Pregnant women are at high risk for severe COVID-19 infection and death. Yet, insufficient safety data on babies has led many guidelines to leave the decision-making and potential threats to future mothers. While the vaccine trials did not directly test pregnant women, more real-world data suggests the vaccine may provide immunity benefits to newborns through breastmilk.
In Israel, there has been an aggressive vaccine distribution campaign with a majority of the population vaccinated. Israel's vaccination efforts have led it to become a case study for vaccine effects on multiple populations.
Now new research led by Michal Kovo from The Hebrew University of Jerusalem suggests fetuses also benefit from vaccination. They found pregnant mothers who developed neutralizing antibodies specific to the severe acute respiratory syndrome coronavirus 2 (SARS-CoV-2) produced from the Pfizer vaccine could be transferred to the fetus.
The researchers write:
"We show herein a robust maternal humoral immune response coupled to a rise in protective antibodies in the fetal circulation as early as 15 days after the first BNT162b2 mRNA vaccination. We further show that mid-pregnancy SARS-Cov2 infection results in prolonged maternal and fetal humoral immunity presented at delivery time."
The study "Maternal to Neonatal transfer of SARS-CoV-2 and BNT162b2 antibodies" is available as a preprint on the medRxiv* server, while the article undergoes peer review.
How they did it
The study took place across 8 Israel hospitals starting in April 2020. Pregnant women needed to be at least 18 years and were being admitted for delivery. Women who actively had COVID-19 illness were excluded.
A total of 1,094 pregnant women were included in the study and divided into three groups. Women with prior COVID-19 infection were in the vaccinated group, women with prior infection were in the unvaccinated group. Pregnant women with no documentation of COVID-19 illness were assigned the control group.
Researchers collected maternal and fetal blood samples along with the umbilical cord from all patients before delivery.
Increased fetal antibody transmission when infected mid-pregnancy
Blood samples showed pregnant women who were positive for SARS-CoV-2 before week 30 had higher transmission levels of IgG specific to the S1, S2, RBD, and N antigens compared to women who were infected after week 30.
Among 65 pregnant women with a history of COVID-19 infection, the top 90% were seropositive with an IgG response for N antigens. In contrast, 14% of the control group were considered seropositive, indicating a preexisting induced immunity due to infection. About 8% of vaccinated women were seropositive for N, of which three had tested positive for SARS-CoV-2.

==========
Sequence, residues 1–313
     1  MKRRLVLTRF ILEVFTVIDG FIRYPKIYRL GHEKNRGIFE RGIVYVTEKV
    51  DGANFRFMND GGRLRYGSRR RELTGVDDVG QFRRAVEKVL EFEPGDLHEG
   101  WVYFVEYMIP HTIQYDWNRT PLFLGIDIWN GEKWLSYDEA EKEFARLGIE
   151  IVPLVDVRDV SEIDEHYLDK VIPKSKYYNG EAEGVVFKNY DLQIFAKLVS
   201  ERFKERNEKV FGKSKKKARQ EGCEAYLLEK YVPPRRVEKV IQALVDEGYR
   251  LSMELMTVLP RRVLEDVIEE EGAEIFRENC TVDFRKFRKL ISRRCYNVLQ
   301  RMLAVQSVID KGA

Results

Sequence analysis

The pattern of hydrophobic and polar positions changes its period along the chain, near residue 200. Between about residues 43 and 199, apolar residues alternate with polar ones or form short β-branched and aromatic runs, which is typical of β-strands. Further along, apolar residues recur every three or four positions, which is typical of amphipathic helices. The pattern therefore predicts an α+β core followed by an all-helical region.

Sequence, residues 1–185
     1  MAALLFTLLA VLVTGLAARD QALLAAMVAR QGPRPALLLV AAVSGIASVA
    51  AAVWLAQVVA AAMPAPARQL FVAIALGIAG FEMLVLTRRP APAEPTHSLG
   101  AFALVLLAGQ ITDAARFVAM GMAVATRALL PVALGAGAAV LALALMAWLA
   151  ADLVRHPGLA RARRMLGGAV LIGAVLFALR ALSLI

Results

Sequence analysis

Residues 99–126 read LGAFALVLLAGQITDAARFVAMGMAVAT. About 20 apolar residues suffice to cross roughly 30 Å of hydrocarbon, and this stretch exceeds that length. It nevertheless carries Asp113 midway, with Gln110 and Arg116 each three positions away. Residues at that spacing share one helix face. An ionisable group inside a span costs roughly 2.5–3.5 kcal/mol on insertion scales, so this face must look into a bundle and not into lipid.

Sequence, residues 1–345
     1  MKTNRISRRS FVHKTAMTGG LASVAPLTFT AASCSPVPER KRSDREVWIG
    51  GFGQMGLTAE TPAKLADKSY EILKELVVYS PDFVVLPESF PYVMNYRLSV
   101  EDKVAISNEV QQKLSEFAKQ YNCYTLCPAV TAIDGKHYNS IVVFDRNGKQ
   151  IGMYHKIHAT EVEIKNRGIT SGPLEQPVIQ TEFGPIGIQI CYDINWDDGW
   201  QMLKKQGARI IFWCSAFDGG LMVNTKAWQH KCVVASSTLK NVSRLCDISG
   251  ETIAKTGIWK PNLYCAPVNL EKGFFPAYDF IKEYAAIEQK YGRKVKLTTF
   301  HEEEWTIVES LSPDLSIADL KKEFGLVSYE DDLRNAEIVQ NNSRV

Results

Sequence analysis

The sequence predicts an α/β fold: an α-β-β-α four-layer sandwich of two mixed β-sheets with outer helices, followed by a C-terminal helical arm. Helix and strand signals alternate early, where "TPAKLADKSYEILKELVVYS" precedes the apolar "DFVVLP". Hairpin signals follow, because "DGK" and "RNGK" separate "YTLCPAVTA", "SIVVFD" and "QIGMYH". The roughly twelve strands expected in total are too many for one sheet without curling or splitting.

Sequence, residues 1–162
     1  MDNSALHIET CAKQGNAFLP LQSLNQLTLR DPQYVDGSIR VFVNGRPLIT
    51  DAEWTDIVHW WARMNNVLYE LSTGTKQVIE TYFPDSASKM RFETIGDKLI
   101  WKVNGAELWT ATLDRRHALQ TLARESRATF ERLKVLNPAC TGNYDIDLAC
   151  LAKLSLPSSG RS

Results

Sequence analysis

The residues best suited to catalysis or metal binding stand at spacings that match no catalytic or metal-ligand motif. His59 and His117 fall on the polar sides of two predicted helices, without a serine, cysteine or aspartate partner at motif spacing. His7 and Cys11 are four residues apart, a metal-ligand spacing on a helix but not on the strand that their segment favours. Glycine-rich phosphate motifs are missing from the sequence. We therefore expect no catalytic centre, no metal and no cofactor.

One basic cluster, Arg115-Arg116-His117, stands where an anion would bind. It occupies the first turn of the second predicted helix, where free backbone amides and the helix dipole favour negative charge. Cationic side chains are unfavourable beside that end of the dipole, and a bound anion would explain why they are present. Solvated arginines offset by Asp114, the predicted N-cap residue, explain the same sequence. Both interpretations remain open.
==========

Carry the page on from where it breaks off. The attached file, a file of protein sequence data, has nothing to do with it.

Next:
Immune response after vaccination compared to natural infection
The researchers observed a steady increase in IgG humoral response specific to S1, S2, receptor-binding domain, and N antigens 45 days after infection.
Vaccinated women developed a faster immune response. They had an elevated IgG response to S1, S2, the receptor-binding domain — but not N antigens — 15 days after receiving their first Pfizer dose. The IgG response further increased after the second Pfizer dose.
Results showed vaccinated pregnant women had significantly higher immune responses toward S1 and the receptor-binding domain of SARS-CoV-2 compared to unvaccinated women at the time of delivery. Although, IgG levels for S2 and N were higher in women who recovered from COVID-19 infection than vaccinated women.
Indeed, the low S2 and N antigens observed in vaccinated women translated to lower IgG responses of the two antigens in fetal blood samples. Fetal IgG levels for S1 and the receptor-binding domain did not differ between vaccinated and unvaccinated women who recovered from natural infection.
Fetal IgG levels towards SARS-CoV-2 antigens
There were significant increases in maternal and fetal IgG and maternal IgM levels to S1, S2, and receptor binding domain but not N after the first Pfizer vaccine dose. The enhanced immunity levels persisted during various time checks in the study. The fetal IgM response was negligible, which the researchers suggest is consistent with the lack of evidence for the fetus's direct exposure to vaccine-derived antigens.
There were significant positive correlations between all fetal and maternal IgG antibodies, suggesting similar placental antibody transfers following vaccination or recovery from natural infection. Significant differences for the maternal to fetal transfer ratio for S1, S2, and the receptor-binding domain were found between unvaccinated and vaccinated pregnant women.
*medRxiv publishes preliminary scientific reports that are not peer-reviewed and, therefore, should not be regarded as conclusive, guide clinical practice/health-related behavior, or treated as established information.
- Beharier O, et al. Efficient Maternal to Neonatal transfer of SARS-CoV-2 and BNT162b2 antibodies. medRxiv, 2021. doi: https://doi.org/10.1101/2021.03.31.21254674, https://www.medrxiv.org/content/10.1101/2021.03.31.21254674v1
Posted in: Child Health News | Medical Research News | Women's Health News | Disease/Infection News
Tags: Antibodies, Antibody, Blood, Coronavirus, Coronavirus Disease COVID-19, Immune Response, Pregnancy, Receptor, Research, Respiratory, SARS, SARS-CoV-2, Severe Acute Respiratory, Severe Acute Respiratory Syndrome, Syndrome, Umbilical Cord, Vaccine
Jocelyn Solis-Moreira graduated with a Bachelor's in Integrative Neuroscience, where she then pursued graduate research looking at the long-term effects of adolescent binge drinking on the brain's neurochemistry in adulthood.
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